Pirwa Hostels La Paz
Pirwa Hostel La Paz
Welcome to our hostels in La Paz
Staying at Pirwa La Paz places you conveniently right in the center of La Paz, only a few blocks from major touristic attractions such as the San Francisco Church, touristic hotspot Sagarnaga Street, and Plaza Murillo and all its attractions. Not only is our hostel right in the middle of the action, with restaurants, ATMs, cafes, nightlife and other services nearby, but the La Paz Bus Terminal is only a block and a half away. Choose between private rooms or shared dormitory accommodations with private or shared bathrooms, all with access to hot showers 24/7 and comfortable beds with semi-orthopedic mattresses and down pillows and comfortable. Challenge your fellow travelers to some games in the TV Lounge or throw a BBQ in the backyard the patio, relax with some drinks at the bar, or update your travel blog using our free Internet and Wi-Fi. When you're ready to go out and explore Bolivia, our in-house travel agency can provide you with all the travel information and excursions you desire. While you're out, lockers in the rooms and in reception offer you security for your valuables, along with convenient free storage for your luggage during longer excursions.
Hostel Promotions in La Paz
As a gift to our loyal guests & friends, if you stay with us at each stop: Arequipa, Nazca, Puno, Cusco, Machu Picchu, and Lima you´ll get a free night´s stay in whichever city you choose!
You won't have to walk far from Pirwa La Paz to see the city's sights. Visit the Witches' Market in La Paz to see pre-Columbian Aymara beliefs in practice and perhaps buy a talisman or offering of your own, admire the ancient riches on display at the Museum of Pre-Columbian Precious Metals, or perhaps climb to the distinctive rooftop of 16th century San Francisco Church. For a more active adventure tackle the glacial peaks Huayna Potosí or massive Illimani, the iconic mountain whose visage defines the La Paz skyline. There's more than enough natural and surreal landscapes to explore near the city, including the eroded formations of Valle de la Luna (Moon Valley) and the craggy Muela del Diablo (Devils Tooth). Those looking to test their mortality can try a downhill biking adventure along the infamous Camino de la Muerte (Death Road). Above all, you can't miss seeing the impressive ruins of Tiwanaku, the most important civilization to arise in South America prior to the Inca. Visit the pyramids and temples left behind by the Aymara Kingdom of Tiwanaku between Lake Titicaca and the Bolivian Andean highlands to marvel at their huge and intricately carved stones which provided witness to a great civilization's rise and fall. Finally, watch pink flamingos and other birds feed along the Uyuni Salt Flat, the largest in the world.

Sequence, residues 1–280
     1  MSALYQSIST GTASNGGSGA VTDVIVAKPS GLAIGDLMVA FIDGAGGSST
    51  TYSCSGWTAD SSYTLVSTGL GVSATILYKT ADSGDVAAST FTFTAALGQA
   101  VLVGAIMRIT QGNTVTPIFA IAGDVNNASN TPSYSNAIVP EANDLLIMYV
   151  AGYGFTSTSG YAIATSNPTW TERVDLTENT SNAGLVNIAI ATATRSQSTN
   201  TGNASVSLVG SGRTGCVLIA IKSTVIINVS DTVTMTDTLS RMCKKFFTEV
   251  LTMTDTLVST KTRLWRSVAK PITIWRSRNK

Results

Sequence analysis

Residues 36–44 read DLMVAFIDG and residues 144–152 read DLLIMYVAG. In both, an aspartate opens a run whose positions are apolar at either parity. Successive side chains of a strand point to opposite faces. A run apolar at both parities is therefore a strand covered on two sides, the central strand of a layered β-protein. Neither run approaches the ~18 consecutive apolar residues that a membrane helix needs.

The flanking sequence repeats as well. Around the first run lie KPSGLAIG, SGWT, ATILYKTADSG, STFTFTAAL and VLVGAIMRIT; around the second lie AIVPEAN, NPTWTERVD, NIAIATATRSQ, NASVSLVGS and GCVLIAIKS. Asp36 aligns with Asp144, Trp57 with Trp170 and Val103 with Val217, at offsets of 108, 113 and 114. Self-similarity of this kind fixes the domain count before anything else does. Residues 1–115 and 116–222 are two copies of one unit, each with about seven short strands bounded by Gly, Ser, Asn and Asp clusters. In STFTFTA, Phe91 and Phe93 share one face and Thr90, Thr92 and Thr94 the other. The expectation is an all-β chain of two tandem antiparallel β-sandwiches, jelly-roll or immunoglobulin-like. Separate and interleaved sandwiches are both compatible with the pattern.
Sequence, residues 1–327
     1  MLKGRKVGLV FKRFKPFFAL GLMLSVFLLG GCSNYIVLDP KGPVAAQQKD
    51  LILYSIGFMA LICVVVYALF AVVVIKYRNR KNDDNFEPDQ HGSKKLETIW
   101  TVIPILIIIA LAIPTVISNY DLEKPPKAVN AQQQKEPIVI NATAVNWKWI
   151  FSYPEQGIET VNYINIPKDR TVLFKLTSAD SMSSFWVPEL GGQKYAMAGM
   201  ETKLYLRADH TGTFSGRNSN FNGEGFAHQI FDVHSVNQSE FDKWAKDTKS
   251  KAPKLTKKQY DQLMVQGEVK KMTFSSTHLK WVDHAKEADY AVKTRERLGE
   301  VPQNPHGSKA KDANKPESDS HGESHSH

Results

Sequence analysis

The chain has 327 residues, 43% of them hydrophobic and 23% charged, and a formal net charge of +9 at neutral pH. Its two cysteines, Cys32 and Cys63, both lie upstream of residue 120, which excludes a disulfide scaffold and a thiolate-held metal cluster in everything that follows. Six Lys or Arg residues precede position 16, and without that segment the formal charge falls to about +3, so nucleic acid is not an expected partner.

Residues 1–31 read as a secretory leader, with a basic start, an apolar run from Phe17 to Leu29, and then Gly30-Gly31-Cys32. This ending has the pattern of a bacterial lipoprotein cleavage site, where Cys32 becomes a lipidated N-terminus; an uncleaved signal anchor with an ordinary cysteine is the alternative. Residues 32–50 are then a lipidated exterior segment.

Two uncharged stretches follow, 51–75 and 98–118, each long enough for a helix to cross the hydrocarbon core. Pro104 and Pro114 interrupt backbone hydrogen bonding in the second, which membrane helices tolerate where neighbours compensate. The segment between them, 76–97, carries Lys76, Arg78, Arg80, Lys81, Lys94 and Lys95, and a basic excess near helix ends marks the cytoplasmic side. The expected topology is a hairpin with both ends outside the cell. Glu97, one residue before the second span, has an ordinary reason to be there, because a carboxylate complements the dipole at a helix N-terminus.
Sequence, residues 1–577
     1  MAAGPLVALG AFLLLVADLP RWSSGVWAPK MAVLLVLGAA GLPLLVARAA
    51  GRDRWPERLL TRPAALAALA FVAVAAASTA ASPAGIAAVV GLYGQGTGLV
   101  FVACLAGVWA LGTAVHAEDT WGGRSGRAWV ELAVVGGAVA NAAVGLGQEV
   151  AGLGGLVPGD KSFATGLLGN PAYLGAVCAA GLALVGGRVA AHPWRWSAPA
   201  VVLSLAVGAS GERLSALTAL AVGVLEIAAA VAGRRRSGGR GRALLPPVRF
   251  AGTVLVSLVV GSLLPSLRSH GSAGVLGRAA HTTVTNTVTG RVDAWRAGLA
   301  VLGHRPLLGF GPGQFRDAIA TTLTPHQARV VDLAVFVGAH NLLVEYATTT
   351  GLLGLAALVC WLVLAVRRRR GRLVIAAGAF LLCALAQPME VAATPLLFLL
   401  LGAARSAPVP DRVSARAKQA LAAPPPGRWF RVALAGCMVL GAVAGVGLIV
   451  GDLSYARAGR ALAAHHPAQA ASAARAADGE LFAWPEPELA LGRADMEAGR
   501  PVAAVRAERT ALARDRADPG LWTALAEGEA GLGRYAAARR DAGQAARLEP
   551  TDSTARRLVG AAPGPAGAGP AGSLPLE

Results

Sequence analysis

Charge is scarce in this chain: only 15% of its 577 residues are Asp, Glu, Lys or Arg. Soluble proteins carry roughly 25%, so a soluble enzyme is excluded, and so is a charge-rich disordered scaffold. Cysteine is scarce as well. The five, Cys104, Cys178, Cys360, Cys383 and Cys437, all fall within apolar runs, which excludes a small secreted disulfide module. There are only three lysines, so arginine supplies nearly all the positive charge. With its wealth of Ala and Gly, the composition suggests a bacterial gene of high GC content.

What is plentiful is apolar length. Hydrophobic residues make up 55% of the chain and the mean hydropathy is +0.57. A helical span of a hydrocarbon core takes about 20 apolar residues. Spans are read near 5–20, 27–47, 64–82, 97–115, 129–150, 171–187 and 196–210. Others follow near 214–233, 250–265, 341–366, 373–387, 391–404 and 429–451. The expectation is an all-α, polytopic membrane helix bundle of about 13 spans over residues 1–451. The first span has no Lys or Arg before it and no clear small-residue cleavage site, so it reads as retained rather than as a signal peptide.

Tambo Qirquincho Museum
You can find Tambo Qirquincho Museum in Plaza Alonzo de Mendoza, on Evaristo Valle Street. The site on which it rests was one of the many tambos of the former Inca Empire. These were wayside markets and inns which provided travelers with lodging and goods such as coca, alcohol, and flour. It was also the residence of Chief Quirquincha. Today, the museum provides visitors with a window to La Paz's past through exhibitions displaying period gowns, photos, and artwork as well as other Bolivian cultural elements such as Carnaval masks.
Cotapata National Park
Less than an hour La Paz, the thick forests of Cotapata National Park along the rugged slopes of the eastern Andean range, provide protection for an astounding biological, archeological, and cultural wealth, thousands of plant species and hundreds of butterfly varieties and birds, including the condor and the tunki (cock of the rocks). A large number of amphibians and reptiles call this place home, as well as 64 species of mammals including many bats and felines, the jucumari spectacled bear, taruka, and river otters
El Camino de la Muerte
Aptly-named Camino de la Muerte (Death Road), considered the most dangerious road in the world, takes you from La Paz to high andean plain to rainsforest, along steep hillsides and cliffs with extreme drops. Actually the North Yungas Road, it was built in the 1930s by Paraguayan prisoners of war to connect La Paz to Coroico in about 40 miles. It gained a deadly reputation in the 90s, killing hundreds of travelers a year, before becoming gaining a devout following of thrillseeking mountain bikers. Also see Biking Death Road to Coroico